With the 2018 season in the books, err… well, at least the standard 162 games in the books, I was curious to examine each team’s record in light of their strength of schedule. Now, this can be a tricky and even controversial exercise. There are different ways to determine each team’s talent level.
For simplicity’s sake, I decided to just use each team’s 2018 record as an indicator of their talent level. You could also use each team’s run differential or ELO rating from fivethirtyeight, but this was my analysis and I chose to use 2018 win-loss record.
Below you will find each team’s win total at the end of the regular season, the average winning percentage of the opponents they faced throughout the season, and their adjusted wins. The playoff teams are in bold and happen to be the top ten teams with the most wins (not a huge surprise).
Opp. Win %
I used the following formula to calculate adjusted wins:
Adj Wins = Wins x Opp Win Pct x 2
I multiplied by 2 so that if a team’s opponents had a .500 winning percentage (neither good nor bad), that team’s adjusted wins would be the same as their actual wins.
To help make this method more clear, let’s examine two teams with the same number of actual wins. The Colorado Rockies and Cleveland Indians both won 91 games. However, the Rockies opponents had an average winning percentage of .500, while the Indians opponents had an average winning percentage of 0.469 (due to the fact that AL Central teams were just awful this year).
Given their strengths of schedule, 91 wins sounds a bit more impressive for the Rockies than it does for the Indians. So while the Rockies adjusted win total matches their actual win total of 91, the Indians adjusted win total is only 85.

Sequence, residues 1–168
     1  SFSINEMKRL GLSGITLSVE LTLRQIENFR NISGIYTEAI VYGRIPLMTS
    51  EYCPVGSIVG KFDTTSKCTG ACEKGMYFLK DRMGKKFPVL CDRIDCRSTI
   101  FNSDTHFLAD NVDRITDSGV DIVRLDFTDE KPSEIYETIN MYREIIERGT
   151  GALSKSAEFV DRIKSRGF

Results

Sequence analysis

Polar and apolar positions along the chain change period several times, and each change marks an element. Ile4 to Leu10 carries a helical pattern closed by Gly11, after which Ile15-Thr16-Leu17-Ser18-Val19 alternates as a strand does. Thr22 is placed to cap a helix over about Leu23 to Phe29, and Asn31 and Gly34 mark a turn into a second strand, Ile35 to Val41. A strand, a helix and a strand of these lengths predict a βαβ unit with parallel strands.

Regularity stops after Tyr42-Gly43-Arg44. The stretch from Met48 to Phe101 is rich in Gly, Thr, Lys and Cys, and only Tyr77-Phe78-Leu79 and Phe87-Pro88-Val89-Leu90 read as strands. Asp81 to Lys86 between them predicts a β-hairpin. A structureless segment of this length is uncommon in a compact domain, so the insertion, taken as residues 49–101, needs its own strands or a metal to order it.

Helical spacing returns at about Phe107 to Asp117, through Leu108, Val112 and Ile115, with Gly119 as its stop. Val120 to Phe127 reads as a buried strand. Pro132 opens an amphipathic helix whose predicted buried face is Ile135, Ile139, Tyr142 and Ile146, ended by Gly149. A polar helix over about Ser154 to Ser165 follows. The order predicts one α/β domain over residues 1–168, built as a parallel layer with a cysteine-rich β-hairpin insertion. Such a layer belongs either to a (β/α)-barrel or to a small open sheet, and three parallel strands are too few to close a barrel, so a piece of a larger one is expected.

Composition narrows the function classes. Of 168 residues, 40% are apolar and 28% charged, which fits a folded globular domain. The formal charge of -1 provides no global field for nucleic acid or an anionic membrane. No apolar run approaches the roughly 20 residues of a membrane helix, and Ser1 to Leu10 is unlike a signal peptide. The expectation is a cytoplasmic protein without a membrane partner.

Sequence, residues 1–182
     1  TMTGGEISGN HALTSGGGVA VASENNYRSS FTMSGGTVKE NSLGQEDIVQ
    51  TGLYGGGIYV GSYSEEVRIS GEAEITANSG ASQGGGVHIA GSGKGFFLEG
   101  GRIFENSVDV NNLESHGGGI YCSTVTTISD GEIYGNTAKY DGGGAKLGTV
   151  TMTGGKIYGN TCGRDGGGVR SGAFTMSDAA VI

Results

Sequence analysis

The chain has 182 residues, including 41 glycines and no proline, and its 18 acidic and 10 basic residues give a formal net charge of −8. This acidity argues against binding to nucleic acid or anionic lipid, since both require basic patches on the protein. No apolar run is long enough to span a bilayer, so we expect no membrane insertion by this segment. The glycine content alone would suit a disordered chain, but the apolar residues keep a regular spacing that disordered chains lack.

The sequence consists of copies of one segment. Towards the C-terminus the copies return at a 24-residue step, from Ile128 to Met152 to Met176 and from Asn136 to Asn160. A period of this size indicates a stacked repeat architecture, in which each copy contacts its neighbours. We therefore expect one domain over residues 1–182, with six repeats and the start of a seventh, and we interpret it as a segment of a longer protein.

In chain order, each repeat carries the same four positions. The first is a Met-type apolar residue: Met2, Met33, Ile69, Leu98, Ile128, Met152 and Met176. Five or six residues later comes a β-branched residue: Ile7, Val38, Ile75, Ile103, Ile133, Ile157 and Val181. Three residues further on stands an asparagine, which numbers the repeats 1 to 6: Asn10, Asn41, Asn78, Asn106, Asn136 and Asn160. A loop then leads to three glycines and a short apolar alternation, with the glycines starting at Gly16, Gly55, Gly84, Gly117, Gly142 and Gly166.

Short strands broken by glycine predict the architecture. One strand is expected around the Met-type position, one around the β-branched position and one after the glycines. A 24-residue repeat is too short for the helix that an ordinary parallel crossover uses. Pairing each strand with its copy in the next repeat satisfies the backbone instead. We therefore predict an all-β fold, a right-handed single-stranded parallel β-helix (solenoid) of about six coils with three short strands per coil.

In fact, the Indians are the team whose win total went down the most after adjusting for strength of schedule. They had the easiest schedule according to this measure, which isn’t surprising given that everyone else in their division finished at least 6 games below .500.
If we sort the table based on Adjusted Win total, we get the results below. WARNING TO SEATTLE AND TAMPA BAY FANS: The table below might stir up feelings of bitterness and resentment.
Opp. Win %
The playoff teams are in bold again, but they aren’t the top 10 this time, with both the Braves and Indians coming in behind some teams that didn’t make the playoffs.
Also note that while the Red Sox adjusted win total is 3 less than their actual wins, they still maintained the top spot. The Yankees also lost 3 wins after adjusting for strength of schedule, but remained in the #3 spot. In fact, the top 4 spots remain unchanged.
The Rangers and Orioles were the teams with the hardest strength of schedules according to this measure. This makes sense since they were the worst teams in the two divisions that featured the top 4 teams.
As far as the Astros, they had a pretty average strength of schedule according to this measure. I’m a bit surprised to be honest, because the AL West was a pretty good division this year; if the Angels had won just one more game, than the Rangers would have been the only sub-.500 team in the division. The Astros did get to play 7 games against both the Orioles and the White Sox though.
Like I said, this is only one way to measure strength of schedule and perhaps not even the best one. I think it does a good job, though, since it doesn’t really mess with the standings too much. The Indians are actually the only team with a difference of more than 3 between their actual wins and adjusted wins.
What do you think? Are you surprised by these results?